Pay rose at historically fast rates for low-wage workers in the U.S. between 2019 and 2022, even after adjusting for inflation, according to an analysis from the Economic Policy Institute released Thursday morning.
What happened: The tight labor market and disruptions from the pandemic gave folks at the lowest end of the pay scale unprecedented amounts of leverage over employers.
- The mass layoffs of 2020 combined with ample relief money from the government, actually put workers in a better position — with time away from work and resources to fall back on — to find new jobs once the market came back.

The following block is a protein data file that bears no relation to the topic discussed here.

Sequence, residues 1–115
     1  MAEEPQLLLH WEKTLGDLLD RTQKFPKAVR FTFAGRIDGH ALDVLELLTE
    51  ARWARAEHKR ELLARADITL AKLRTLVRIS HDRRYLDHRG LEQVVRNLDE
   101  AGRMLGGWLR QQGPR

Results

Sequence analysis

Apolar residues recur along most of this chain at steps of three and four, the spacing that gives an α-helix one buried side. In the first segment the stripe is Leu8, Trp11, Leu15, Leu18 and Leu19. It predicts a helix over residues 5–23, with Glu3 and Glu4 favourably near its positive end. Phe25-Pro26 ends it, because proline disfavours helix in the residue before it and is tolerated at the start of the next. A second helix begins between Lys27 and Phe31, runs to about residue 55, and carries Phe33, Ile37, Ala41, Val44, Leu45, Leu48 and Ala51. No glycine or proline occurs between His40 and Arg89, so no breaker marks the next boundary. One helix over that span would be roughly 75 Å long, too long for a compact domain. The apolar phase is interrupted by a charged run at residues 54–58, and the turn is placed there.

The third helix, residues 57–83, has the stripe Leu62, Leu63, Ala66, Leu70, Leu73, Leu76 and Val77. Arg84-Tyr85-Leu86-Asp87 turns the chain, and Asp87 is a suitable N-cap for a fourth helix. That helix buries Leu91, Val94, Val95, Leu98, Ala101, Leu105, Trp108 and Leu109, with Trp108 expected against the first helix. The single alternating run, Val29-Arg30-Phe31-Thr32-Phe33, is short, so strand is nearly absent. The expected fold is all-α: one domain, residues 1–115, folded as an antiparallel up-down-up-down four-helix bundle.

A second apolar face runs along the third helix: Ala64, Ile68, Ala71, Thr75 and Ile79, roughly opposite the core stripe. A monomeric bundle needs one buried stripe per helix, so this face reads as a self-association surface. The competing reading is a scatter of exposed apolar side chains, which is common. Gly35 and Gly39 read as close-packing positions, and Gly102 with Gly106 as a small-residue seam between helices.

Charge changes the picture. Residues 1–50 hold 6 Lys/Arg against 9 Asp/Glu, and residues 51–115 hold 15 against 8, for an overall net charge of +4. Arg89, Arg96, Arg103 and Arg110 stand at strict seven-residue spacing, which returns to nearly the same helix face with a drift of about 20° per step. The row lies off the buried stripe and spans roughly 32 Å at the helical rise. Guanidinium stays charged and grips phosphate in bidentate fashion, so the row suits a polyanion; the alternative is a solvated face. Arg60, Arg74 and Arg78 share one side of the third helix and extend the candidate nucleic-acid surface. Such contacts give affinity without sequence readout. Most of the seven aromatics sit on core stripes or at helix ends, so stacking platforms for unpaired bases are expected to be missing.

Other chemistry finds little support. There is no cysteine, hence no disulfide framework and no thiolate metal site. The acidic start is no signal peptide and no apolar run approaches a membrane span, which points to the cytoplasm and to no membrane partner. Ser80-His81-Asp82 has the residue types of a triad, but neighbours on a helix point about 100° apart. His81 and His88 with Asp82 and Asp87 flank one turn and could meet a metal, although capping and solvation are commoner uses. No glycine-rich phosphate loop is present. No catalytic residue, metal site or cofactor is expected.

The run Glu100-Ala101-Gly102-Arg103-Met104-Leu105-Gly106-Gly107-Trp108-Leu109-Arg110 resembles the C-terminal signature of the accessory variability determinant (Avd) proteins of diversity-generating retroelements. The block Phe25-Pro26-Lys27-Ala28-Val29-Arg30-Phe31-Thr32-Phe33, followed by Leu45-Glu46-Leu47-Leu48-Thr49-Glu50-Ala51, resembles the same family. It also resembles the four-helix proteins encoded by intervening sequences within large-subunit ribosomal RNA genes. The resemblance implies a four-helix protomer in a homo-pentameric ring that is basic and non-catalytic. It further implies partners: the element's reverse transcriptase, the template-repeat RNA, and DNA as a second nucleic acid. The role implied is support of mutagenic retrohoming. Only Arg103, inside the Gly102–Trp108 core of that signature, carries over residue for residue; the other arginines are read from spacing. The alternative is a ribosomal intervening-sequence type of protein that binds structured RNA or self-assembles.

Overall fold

- "For so many people, they didn't actually realize that there might be better opportunities out there," said Elise Gould, a senior economist at the progressive think tank, who co-wrote the analysis.
Reality check: These folks are still not making much money.
- In 2022, the 10th percentile hourly wage, i.e. the workers at the bottom, was $12.57.
- That's not considered enough for one person to maintain an adequate standard of living anywhere in the U.S., according to EPI's calculations.
Worth noting: Those at the very, very top saw enormous gains.
- Wages for the top 1% and 0.1% rose 16.1% and 29.2% between 2019 and 2021, according to Social Security Administration data also analyzed by EPI.
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